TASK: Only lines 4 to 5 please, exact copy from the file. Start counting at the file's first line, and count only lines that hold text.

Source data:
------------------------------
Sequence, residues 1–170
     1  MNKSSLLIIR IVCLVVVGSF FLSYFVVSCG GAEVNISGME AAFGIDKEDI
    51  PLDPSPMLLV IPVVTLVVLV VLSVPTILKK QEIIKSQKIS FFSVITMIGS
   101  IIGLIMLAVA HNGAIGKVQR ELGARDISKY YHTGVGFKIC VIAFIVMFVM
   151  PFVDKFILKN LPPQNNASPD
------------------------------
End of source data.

   101  IIGLIMLAVA HNGAIGKVQR ELGARDISKY YHTGVGFKIC VIAFIVMFVM
   151  PFVDKFILKN LPPQNNASPD